4  Donncha O’Callaghan – 6
Always looks a better player playing alongside Paul O’Connell, did well at the lineout and put in a good defensive performance.

5  Paul O’Connell (c) – 7
Extremely busy and committed, was Ireland’s best player on the day. Questionable decisions along with ROG on kicking for touch when points were on offer.

6 Stephen Ferris – 6
Ended up playing a full 80 minutes, was great to see him back with ball in hand, will need more game time to get up to match speed but looked in peak physical condition.

7  David Wallace – 6
Heartbreak for Wally, a seemingly innocuous tackle on the touchline for Tuilagi resulting in a serious knee injury has put an end to what was to be his 3rd World Cup.

8  Jamie Heaslip – 6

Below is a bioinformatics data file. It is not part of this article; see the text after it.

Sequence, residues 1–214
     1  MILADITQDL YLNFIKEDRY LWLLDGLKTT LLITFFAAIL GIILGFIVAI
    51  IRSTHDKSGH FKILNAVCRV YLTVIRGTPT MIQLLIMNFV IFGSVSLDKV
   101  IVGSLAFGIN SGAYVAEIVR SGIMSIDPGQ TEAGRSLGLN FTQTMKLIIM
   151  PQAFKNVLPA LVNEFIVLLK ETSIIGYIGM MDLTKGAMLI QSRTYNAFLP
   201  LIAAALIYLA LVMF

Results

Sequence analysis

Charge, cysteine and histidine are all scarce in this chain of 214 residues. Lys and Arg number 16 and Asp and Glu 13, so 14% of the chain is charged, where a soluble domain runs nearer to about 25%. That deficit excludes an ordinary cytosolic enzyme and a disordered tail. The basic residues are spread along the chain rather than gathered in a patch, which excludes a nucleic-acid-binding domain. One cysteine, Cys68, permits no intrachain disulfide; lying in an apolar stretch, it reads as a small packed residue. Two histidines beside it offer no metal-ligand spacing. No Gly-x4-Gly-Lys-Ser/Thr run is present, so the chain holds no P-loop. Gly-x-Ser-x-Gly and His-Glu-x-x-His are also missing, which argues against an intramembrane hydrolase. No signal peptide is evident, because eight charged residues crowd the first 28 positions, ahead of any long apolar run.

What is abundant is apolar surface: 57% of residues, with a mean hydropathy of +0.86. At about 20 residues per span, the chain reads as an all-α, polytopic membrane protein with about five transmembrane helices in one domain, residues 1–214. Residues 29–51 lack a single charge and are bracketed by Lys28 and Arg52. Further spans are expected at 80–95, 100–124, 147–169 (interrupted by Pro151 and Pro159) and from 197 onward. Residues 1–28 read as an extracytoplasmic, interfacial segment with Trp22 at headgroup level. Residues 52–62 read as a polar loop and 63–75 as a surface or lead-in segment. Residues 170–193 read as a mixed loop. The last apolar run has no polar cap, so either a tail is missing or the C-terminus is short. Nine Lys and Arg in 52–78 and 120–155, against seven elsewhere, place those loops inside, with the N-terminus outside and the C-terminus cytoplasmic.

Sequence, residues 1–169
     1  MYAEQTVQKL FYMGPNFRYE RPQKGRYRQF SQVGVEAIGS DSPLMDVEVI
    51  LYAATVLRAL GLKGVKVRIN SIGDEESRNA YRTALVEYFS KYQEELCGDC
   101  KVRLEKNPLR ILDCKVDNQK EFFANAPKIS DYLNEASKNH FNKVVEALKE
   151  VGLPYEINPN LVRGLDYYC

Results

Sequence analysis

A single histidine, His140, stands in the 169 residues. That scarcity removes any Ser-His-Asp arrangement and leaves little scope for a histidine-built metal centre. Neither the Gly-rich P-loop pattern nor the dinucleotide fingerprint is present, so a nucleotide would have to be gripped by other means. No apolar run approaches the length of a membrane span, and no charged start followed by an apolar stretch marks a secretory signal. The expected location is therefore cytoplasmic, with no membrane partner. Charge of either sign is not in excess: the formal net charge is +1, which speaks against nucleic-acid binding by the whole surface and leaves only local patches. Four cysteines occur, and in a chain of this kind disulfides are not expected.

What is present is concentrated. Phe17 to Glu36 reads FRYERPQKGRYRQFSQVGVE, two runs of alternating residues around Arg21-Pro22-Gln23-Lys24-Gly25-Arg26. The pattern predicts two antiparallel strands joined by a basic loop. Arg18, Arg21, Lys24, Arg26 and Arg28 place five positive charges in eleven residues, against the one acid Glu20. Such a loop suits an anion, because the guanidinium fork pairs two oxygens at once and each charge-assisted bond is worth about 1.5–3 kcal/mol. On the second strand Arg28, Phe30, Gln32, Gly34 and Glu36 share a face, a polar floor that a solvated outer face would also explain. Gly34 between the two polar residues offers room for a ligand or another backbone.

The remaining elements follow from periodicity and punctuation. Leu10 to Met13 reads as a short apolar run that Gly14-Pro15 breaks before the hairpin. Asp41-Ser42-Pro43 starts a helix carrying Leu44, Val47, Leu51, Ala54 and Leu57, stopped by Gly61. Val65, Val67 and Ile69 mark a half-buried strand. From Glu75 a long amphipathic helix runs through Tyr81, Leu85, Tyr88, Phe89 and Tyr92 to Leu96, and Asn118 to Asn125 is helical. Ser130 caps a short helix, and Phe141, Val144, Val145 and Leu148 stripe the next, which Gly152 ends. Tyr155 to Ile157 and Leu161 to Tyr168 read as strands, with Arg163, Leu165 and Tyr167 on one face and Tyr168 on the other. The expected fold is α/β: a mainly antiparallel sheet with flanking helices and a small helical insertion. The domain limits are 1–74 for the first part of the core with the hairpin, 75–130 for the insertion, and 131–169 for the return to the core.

Only managed 34 minutes before being subbed off with a head injury. Unfortunate for Ireland as his ball-carrying abilities were missed.

 

Replacements

16 Rory Best – 5
First action was a lineout throw which was crooked but made up for it with an audacious steal minutes later.

17 Tom Court – 6
Held his own against a strong English pack, needs more game time which he will probably get against USA.

18 Donnacha Ryan – 6
Early introduction due to Heaslip’s injury, decent shift but didn’t offer the same carries that Heaslip can.

19 Denis Leamy – 6
Introduced after Wallace’s injury, the Irish backrow was completely unbalanced after the two forced substitutions and this really affected the whole team. Leamy was busy in defense and managed a couple of carries.

20 Conor Murray – 7
Another good performance from Murray, introduced some pace into the attack when he came on.